Don't put your son on the stage
I was interviewed for the One Show yesterday, for a short feature that might come out in January. My mother is the One Show's biggest ever fan. She retired a couple of years ago, and has a lot of free time (although complains most of it is spent brushing the dog). She writes letters to the One Show a lot with "ideas". She is very against animal testing at the moment, and thinks the One Show should do more on this topic, preferably with her in. Her latest thing is going around department stores "disguised as a researcher" (!), asking poor shop assistants if their products have been tested on animals, and then marking their responses in an official-looking folder. (I sometimes think I should devote my entire blog to what my mother says, thinks and does).
So when I told her I was being interviewed, I thought she might explode with joy. "Can I come on it?" she asked. I told her that due to the whimsical and transitory nature of television programming, and the fact that I become inarticulate and odd when a camera is pointed at me, that it is unlikely that they would use any footage of me anyway. I also told her not to tell anyone. I should have known better - she told her entire street to watch it last night - not understanding that I was only being interviewed yesterday, and that the feature, if it comes out at all, would be months later.
I had to travel down to London and then meet the interviewer and film crew in an art deco style bar in a basement in Soho, where the interviewing was being carried out. Fortunately it will all be edited, so they can reduce 20 minutes of me trailing off mid-sentence into about 10 seconds of something vaguely articulate. The weirdest bits were the "establishing shots" where they film you walking down the street, going down the stairs, or just sitting at a table and talking about nothing. In order for it to look like we were having an authentic conversation the interviewer said "Just tell me everything you did yesterday from when you woke up". So I did and then they all laughed at how boring my life is.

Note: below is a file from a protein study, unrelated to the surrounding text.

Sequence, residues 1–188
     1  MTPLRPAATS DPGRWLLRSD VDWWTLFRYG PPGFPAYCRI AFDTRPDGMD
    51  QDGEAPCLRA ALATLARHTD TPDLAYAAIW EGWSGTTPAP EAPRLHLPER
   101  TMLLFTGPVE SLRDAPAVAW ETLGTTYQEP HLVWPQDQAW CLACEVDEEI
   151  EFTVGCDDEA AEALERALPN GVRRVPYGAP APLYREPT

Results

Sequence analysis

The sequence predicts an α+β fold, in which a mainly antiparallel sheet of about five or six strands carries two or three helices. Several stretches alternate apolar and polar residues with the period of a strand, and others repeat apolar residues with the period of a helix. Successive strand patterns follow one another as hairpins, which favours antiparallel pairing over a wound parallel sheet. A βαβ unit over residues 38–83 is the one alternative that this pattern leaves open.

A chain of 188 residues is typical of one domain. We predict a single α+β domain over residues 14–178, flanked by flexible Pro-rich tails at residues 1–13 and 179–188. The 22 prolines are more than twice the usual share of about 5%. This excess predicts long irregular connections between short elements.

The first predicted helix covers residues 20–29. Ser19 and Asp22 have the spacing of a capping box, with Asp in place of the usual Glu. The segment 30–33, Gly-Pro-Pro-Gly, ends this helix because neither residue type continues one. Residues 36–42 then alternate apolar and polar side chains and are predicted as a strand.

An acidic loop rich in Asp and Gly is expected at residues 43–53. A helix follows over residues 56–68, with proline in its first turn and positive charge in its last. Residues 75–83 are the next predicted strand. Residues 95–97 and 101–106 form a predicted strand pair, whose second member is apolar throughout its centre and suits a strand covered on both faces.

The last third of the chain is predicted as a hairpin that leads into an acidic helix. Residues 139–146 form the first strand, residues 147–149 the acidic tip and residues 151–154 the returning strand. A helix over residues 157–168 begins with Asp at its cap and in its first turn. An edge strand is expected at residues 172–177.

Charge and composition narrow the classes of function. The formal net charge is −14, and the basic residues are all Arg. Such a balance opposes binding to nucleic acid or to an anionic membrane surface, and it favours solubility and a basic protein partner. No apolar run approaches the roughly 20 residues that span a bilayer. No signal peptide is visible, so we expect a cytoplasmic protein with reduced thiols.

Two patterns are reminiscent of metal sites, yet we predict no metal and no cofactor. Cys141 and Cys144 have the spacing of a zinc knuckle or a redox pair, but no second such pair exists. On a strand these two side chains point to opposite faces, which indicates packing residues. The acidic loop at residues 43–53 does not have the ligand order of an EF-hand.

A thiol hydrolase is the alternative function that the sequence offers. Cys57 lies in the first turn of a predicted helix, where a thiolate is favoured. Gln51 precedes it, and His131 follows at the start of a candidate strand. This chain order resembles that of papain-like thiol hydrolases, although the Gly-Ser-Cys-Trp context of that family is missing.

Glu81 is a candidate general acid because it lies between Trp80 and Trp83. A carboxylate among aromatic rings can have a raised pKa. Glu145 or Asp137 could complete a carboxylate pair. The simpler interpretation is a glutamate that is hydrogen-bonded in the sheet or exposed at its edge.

The interviewer was a reasonably well-known (if you live in the UK) comedian. He kept commenting on how he had been expecting me to be camp because I was gay, and I wasn't. "The other one we interviewed before you was camp, and he was wearing very flamboyant clothes," he said. I looked down at my sensible Marks and Spencer pullover and said "Although for an academic, I'm about as glamorous as you can get."
Afterwards, they invited me to lunch (a steretoypically Soho sushi place), there was various talk of which celebrities were "difficult" etc. I hadn't heard of any of them. The only celebrities I know about anymore are academic ones, and rather than read Heat magazine, I get my celebrity fix from an evil piece of computer software called Harzing's Publish or Perish. You type in the name of an academic and get a list of all their publications and how often each one is cited. This is then converted into a score called the H Score - the higher the score, the more famous you are. Mine is 13. That means I've had 13 things cited 13 times or more. To go up to 14 you have to 14 things cited 14 or more times. 13 is reasonably respectable for a linguist, and over the last couple of years I have begun to gain a tiny amount of academic fame. This means that at conferences I get more than 8 people at my presentation, and sometimes a Chinese student will come up to me and tell me that they've read one of my books. I rather like the strange parallel yet inverse world of academic celebrity. Real celebrities need to be physically stunning and stupid (Paris Hilton). Whereas for acaedemic celebrity, the more grotesque you are, the more introverted and socially stunted, the better-known you seem to be. I am thinking of developing a facial tic. It will do wonders for my H Score.